But I mostly know Schorr from his editorials on NPR during the first years of the century when I was having my liberal awakening. What I liked about him was that while he was clearly and proudly liberal, he was not especially partisan. He was one of those old time New Deal Democrats who calmly watched as the whole center of gravity of American politics moved ever to the right—even if the people didn’t. Here is an example of this, his 15 December 2000 editorial in the Christian Science Monitor about the Supreme Court’s decision in Bush Vs. Gore:

In developing countries such as Pakistan, Chile, and Sierra Leone, a transfer of power is often accomplished by military coup. In our country, it is done by judicial coup.

Admitting to something short of cool dispassion, I marvel at the way the gang of five, led by arch-conservative Antonin Scalia, tried to camouflage their 5-to-4 operation behind a nominal 7-to-2 agreement that there was a problem with the Florida recount. That seemed to leave open the chance of fixing the system. Their fix was in, all right, but a different fix. It suppressed the recount for good.

Any one of these five could have returned the contest to limbo. But none did. Decades of conservative support of states’ rights, by overturning federal statutes from affirmative action to federal review of criminal cases, went out the window in an arrogation of authority to judge voting in Florida.

The tactics were adroit. First, the junta on Saturday halted the vote count. That enabled them to say on Tuesday that there was no more time left for vote-counting.

One thing about Tony Scalia is that he levels with you. Not every justice would say, as he did Saturday, that issuing the voting stay suggested Bush had “a substantial probability of success.” Not every justice would own up to partisanship by saying the recounted votes “threaten irreparable harm to petitioner”—Governor Bush—”and to the country.”

Justice Stevens, for the embattled minority of himself, Stephen Breyer, Ruth Bader Ginsburg, and David Souter, said on Saturday that halting the vote recount “will inevitably cast a cloud on the legitimacy of the election.” Tuesday he said we may never know who was the winner of the presidential race, but “the identity of the loser is perfectly clear. It is the nation’s confidence in the judge as an impartial guardian of the rule of law.” …

That legitimacy has been endangered by the court’s intervention into the white-hot controversy over the presidency that opened the court to suspicion of partisanship. Before this issue arose there were suggestions of partisanship. Mr. Bush referred to Scalia and Clarence Thomas as models for the kind of justices he would name. Chief Justice Rehnquist and Justice O’Connor reportedly said they would like to retire under Bush to ensure being succeeded by conservatives. But now, these five have had a banner day. They have selected a president.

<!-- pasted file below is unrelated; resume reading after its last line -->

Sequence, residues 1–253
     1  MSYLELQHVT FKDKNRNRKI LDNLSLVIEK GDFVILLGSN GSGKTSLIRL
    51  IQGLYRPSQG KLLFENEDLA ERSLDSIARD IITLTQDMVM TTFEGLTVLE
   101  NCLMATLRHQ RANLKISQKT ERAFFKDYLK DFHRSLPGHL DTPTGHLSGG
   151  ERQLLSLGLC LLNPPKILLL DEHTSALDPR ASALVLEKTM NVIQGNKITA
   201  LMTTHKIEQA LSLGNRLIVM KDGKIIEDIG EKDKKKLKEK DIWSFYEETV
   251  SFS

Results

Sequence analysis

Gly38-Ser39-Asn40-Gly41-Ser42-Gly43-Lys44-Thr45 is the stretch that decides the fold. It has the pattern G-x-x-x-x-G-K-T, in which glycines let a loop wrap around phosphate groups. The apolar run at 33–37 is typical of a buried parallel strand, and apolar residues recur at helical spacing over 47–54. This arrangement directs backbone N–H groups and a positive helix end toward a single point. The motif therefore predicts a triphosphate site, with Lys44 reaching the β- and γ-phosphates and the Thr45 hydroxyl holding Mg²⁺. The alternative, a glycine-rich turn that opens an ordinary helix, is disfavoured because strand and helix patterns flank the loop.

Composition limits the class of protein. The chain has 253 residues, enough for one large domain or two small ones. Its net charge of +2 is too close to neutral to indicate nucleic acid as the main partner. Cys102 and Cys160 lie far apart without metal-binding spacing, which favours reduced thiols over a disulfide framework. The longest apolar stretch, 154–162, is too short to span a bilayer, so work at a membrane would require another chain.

(For the record, I suspect that Sandra Day O’Connor regrets stepping down as she did. Two things helped that along. She stepped down and then Rehnquist died. That put more of Bush on the court than she likely hoped for. Second, she was replaced with Samuel Alito, a judge she smacked down when he was on the Court of Appeals for the Third Circuit. In addition, since leaving the court, she has made a number of telling comments. The most notable was her “dissent” on the Citizens United case. But isn’t this all exactly what we expect from conservatives? When they have power, they are full tilt evil. When out of power, they suddenly come to their senses. I think it has to do with the authoritarian mindset and its desire to always follow orders. Anyway, she’s fucked the country good!)

Happy birthday Daniel Schorr!

Prognosticator Steve Kornacki

Steve KornackiWhy do we love Steve Kornacki? Because he doesn’t believe his own bullshit. Sure, he’s pleased that he said that Eliot Spitzer might not cruise to an easy victory over Scott Stringer for New York City comptroller, and that looks to be at least partly correct. But he was quick to point out how he is more often wrong. Most pundits and commentators accept the acclaim for being right but never admit their failures. No one pays attention to when I’m right or wrong. But when I make predictions, I do it for other reasons—to make some point about a situation, and sometimes just to be a crank. And I think that is true of most others when they make predictions. But I’m really glad that Kornacki took the opportunity of being right about this to highlight the fact that what’s important about him—and the reason we listen to him—is not his prognostication skills.

And for the record, it isn’t at all clear that Spitzer won’t cruise to an easy victory. According to a New York Times/Siena College poll that came out on Friday, Spitzer has a 15 percentage point advantage against Stringer. I don’t especially care. I like Spitzer and I know next to nothing about Stringer. It would certainly be nice to see Spitzer back in elected office because I think he has done a good job. But if he doesn’t win, I’m sure there will be lots of other chances for him to serve the public.

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Obama Wimps Out, Does the Right Thing